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Getting Frisky With Ace-Queen Versus Erik Seidel

Erik Seidel
  • @JonathanLittle gets creative in a first-level tournament hand vs. Poker Hall of Famer @Erik_Seidel.

  • Play along with @JonathanLittle in this tournament hand against the formidable @Erik_Seidel.

Here is another hand from the very first level of the $10,000 buy-in World Poker Tour L.A. Poker Classic — a "freezeout" event (i.e., no re-entry). This one involved me playing versus the Poker Hall of Famer Erik Seidel, winner of eight World Series of Poker bracelets and more than $32 million lifetime in tournaments.

With the blinds 50/100, the action began with Seidel opening for 250 from early position. It folded to me in the cutoff where I'd been dealt {A-Clubs}{Q-Spades}.

Here I could have either called or three-bet. Considering how it was a freezeout event in which I tend to be a little more aggressive early, I reraised to 700. Andy Frankenberger was in the big blind and he decided to cold-call the reraise, then Seidel made it 3,350 to go.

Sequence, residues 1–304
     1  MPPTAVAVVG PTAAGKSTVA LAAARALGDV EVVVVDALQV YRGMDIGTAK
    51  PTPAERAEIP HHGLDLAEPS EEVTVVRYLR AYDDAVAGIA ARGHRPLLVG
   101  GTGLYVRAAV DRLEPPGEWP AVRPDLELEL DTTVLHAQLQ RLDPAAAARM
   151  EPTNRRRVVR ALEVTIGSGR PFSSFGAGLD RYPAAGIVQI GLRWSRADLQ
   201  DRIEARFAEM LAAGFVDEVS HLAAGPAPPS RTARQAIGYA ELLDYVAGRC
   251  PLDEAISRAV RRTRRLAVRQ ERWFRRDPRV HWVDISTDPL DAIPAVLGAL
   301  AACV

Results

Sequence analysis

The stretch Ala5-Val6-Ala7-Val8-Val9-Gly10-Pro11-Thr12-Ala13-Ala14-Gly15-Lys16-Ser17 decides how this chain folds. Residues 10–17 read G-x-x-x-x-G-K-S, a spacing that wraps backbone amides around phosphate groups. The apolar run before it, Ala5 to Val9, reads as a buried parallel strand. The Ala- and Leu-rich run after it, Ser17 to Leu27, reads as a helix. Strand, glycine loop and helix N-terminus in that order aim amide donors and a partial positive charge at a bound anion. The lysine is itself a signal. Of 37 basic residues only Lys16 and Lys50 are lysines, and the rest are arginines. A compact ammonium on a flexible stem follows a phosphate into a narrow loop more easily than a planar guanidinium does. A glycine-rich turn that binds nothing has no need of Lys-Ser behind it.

As I talk about in the video below, at this point I know ace-queen isn't strong enough with which just to call, meaning I could either fold or reraise again as a bluff. I made it 6,000 (too small, looking back). Frankenberger folded and Seidel called.

The flop came {7-Clubs}{5-Clubs}{2-Spades} and Seidel checked. I bet 4,500 and Seidel called, bringing the pot close to 22,000. The turn was the {3-Clubs} and Seidel checked once more.

At this point Seidel had just about the size of the pot behind and I had a little more. See what I chose to do and hear my explanation for why I did:

In this case after turning the nut flush draw, I decided to go for maximum fold equity. No one wants to go broke early in a major event without a premium hand!

Jonathan Little is a professional poker player and author with over $6,400,000 in live tournament earnings. He writes a weekly educational blog and hosts a podcast at You can follow him on Twitter @JonathanLittle.

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